New ARM-Based Server From ZT Systems « Data Center Knowledge. Server vendor ZT Systems has announced a new server based on low-power processors from ARM, whose chips power many leading mobile devices.
The new R1801e is a 1U rackmount server powered by up to 16 ARM Cortex-A9 processor cores. When fully populated with an array of components the server has an impressively low power draw of less than 80 watts. Interest in low-power processors has grown in recent years as data center operators struggle to manage rising power densities in their facilities, which often create cooling challenges and test the utility capacity. Much of the interest in ARM-based processors has focused on start-ups like Smooth-Stone ,which last week rebranded as Calxeda but has yet to launch a commercial product. ZT Systems says its new product “demonstrates that low power ARM processors are ready for evaluation and software development work.”
It features the STMicroelectronics SPEAr 1310 microprocessor with dual ARM Cortex-A9 processor cores. Very Low-Cost, Low-Power Servers. I’m interested in low-cost, low-power servers and have been watching the emerging market for these systems since 2008 when I wrote CEMS: Low-Cost, Low-Power Servers for Internet Scale Services (paper, talk).
ZT Systems just announced the R1081e, a new ARM-based server with the following specs: · STMicroelectronics SPEAr 1310 with dual ARM® Cortex™-A9 cores · 1 GB of 1333MHz DDR3 ECC memory embedded · 1 GB of NAND Flash · Ethernet connectivity It’s a shared infrastructure design where each 1RU module has 8 of the above servers. . · 8 “System on Modules“ (SOMs) · ZT-designed backplane for power and connectivity · One 80GB SSD per SOM · IPMI system management · Two Reatek 4+1 1Gb Ethernet switches on board with external uplinks · Standard 1U rack mount form factor · Ubuntu Server OS. Velocity 2010: James Hamilton, "Datacenter Infrastructure Innovation" AWS: Forget the Revenue, Did You See the Margins? Two days ago, two analysts from UBS – Brian Pitz and Brian Fitzgerald – projected Amazon Web Services revenues at $500 million.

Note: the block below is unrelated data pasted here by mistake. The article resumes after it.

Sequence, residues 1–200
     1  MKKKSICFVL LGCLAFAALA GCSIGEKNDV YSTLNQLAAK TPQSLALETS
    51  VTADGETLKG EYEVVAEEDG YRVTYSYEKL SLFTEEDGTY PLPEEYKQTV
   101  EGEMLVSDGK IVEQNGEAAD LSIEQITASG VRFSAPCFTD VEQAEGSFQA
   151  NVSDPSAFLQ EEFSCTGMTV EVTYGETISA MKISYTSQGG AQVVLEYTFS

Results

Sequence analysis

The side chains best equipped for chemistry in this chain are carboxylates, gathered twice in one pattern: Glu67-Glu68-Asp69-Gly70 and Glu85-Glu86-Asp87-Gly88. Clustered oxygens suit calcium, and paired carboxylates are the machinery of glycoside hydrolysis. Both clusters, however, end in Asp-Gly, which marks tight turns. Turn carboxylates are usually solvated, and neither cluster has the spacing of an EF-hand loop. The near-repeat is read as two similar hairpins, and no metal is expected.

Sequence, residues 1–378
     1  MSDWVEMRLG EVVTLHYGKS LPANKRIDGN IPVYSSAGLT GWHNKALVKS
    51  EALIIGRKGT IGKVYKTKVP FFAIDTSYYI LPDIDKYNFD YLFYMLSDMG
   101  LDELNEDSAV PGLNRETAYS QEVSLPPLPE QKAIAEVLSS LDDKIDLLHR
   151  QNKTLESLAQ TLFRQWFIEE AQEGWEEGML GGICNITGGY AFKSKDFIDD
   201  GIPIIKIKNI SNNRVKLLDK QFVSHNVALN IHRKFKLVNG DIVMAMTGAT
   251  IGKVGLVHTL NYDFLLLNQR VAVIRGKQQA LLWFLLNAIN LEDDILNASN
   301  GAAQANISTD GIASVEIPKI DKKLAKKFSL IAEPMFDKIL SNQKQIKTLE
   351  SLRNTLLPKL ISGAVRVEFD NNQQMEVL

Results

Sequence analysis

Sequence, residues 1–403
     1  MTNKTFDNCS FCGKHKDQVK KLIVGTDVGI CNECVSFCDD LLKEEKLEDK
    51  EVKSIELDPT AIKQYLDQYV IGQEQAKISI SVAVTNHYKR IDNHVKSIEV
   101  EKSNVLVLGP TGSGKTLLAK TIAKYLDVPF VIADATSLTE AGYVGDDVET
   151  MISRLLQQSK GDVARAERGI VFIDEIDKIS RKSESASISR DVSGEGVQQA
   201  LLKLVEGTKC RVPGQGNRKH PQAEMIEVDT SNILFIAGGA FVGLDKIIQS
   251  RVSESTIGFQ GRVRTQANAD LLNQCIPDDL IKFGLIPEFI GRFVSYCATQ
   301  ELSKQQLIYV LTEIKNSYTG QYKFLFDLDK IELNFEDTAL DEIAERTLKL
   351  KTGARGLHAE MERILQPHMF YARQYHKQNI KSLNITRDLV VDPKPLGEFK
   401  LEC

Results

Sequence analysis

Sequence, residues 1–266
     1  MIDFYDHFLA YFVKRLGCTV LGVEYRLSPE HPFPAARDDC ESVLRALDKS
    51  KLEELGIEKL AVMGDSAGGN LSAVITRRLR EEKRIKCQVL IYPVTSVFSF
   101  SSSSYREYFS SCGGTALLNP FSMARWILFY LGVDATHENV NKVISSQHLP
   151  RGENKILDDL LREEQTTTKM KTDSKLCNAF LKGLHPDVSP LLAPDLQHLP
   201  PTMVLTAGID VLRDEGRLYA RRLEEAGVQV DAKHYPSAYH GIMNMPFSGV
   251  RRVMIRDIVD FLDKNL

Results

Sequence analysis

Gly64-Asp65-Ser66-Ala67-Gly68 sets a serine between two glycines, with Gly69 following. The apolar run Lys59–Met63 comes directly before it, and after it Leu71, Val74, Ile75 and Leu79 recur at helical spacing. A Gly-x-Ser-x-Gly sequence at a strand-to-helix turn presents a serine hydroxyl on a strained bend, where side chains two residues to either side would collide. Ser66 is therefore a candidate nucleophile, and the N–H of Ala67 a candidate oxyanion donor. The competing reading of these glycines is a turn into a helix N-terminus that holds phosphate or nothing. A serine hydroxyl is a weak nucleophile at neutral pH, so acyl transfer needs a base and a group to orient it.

Many were disappointed, expecting more from the widely acknowledged market leader: a half a billion dollars is approximately what Microsoft spent per datacenter pre-2010. Those who would focus on the actual revenue figure, however, are likely to miss the more important margin numbers. It has been long assumed that cloud computing – at least as currently practiced by the lower value add Infrastructure-as-a-Service practitioners – is a low margin business by enterprise infrastructure standards.
Larger systems players such as HP and IBM have shown little appetite for the public cloud market in part because of this, depending on who you talk to. One senior executive I spoke with from a large systems vendor two years ago was blunt in his assessment of the prospects for a public cloud offering: “I don’t want to be in the hosting business.” James Hamilton. James is a Vice President and Distinguished Engineer on the Amazon Web Services team where he is focused on infrastructure efficiency, reliability, and scaling.
Prior to AWS, James was architect on the Microsoft Data Center Futures team and before that he was architect on the Live Platform Services team. Prior to that he was General Manager of the Microsoft Exchange Hosted Services team which was formed as part of the FrontBridge Technologies acquisition. He moved to the EHS team from his role as SQL Server Architect and leader of the SQL Server Security and Incubation Teams. He joined SQL Server during the 7.0 development cycle and over the years led various development teams including the SQL language compiler, query optimizer, query execution engine, DDL processing, metadata and catalog management, security, Server-side XML, network protocols, server-side cursors, full text search, and Common Language Runtime Integration.